Wednesday, April 17, 2013

Social Media and Business Continuity

More organizations today are recognizing the benefits of using social media as part of their business continuity strategy. Have you considered using this tool? If so, have you determined what your internal & external communications needs are and a strategy for using the many social networking tools out there? That is the focus of this issue... they shed light of social media and may answer questions you have been wanting to ask.

There are areas of business continuity planning that would certainly be enhanced by applying social media. (Item #1) Social media guidelines are a means to mitigate threats and embrace the opportunities presented by social media. (Item #2) Social media is not going away... we might as well put it to good use. (Item #3)

Social media are most valuable during times of crisis, giving BC planners the opportunity to help educate and lead the deployment of tools such as Twitter in the enterprise. (Item #4) Expert offers tips on assessing your use of social media and creating a strategy. (Item #5) Social media can be an important HR tool. (Item #6) 

Wednesday, April 10, 2013

Communicating in a Crisis

Communicating in a Crisis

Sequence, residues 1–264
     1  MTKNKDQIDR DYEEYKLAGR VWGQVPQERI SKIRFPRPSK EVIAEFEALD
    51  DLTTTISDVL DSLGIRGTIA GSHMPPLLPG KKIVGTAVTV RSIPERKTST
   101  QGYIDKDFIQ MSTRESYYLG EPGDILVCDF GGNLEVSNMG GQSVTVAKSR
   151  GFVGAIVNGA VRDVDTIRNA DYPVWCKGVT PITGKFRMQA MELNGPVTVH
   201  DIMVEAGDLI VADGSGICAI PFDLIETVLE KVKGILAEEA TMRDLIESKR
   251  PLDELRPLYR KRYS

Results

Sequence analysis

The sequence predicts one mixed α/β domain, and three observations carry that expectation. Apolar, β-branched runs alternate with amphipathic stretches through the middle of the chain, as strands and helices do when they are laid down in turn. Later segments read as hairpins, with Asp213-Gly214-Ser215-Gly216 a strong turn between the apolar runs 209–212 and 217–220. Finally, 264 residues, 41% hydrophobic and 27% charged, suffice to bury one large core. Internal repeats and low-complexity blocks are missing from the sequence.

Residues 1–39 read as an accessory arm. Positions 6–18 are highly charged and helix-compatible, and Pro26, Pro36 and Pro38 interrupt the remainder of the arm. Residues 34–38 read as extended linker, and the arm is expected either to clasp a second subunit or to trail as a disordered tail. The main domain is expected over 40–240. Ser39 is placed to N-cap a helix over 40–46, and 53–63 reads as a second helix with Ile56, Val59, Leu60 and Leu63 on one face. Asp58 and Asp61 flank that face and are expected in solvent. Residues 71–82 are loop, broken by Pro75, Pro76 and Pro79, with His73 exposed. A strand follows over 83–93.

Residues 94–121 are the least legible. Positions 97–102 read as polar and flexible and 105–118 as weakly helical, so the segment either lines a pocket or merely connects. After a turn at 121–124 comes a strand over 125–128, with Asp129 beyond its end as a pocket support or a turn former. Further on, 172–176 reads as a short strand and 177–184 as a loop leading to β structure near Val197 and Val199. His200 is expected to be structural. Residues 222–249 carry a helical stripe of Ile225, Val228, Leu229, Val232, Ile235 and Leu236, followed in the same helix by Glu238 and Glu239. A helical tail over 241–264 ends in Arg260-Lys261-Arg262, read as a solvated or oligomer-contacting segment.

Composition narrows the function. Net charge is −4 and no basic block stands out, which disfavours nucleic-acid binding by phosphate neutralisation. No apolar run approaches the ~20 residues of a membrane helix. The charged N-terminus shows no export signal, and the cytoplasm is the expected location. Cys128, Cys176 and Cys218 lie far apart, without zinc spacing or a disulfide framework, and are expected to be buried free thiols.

Crises are tricky situations and your crisis communication plan is the best way to navigate a crisis. We have all seen good and bad examples of crisis communication in recent years and can learn from them. We also can learn from these articles covering everything from making the plan to training employees to dealing with the media.

When crisis strikes, remember these seven rules. (Item #1) A well-trained employee will know not to answer any questions posed by the press regarding a crisis unless they have been titled as a spokesperson for that crisis. (Item #2) Releasing important information before it has fully been assessed can come back to bite you. (Item #3)

FEMA provides direction for developing a crisis communications plan. (Item #4) This article goes through all the particulars of how crisis communications plans work. (Item #5) Here are the 12 major principles of crisis communications. (Item #6)

Wednesday, April 3, 2013

Facility Management

Facilities managers, who usually are responsible for the everyday operations, maintenance and security of the buildings and staff of the company, are tasked with monumental responsibility. Often, this responsibility is added to the other responsibilities of the manager. Whether you have a full or part-time facility manager, this issue can provide him or her with some good ideas and tips.

By involving facility management in the BC planning process, BC professionals can strengthen their programs. (Item #1) Here is the inside scoop on how property professionals have prepared—and learned from—some of the biggest events. (Item#2) Facilities can be the department that identifies and prepares organizations for potential disasters. (Item #3)

Do you know the potential hazards in your facility? (Item #4) The ECT system can help you implement a risk management system. (Item #5) This preparedness planning guide is directed to facility managers and administrators. (Item #6)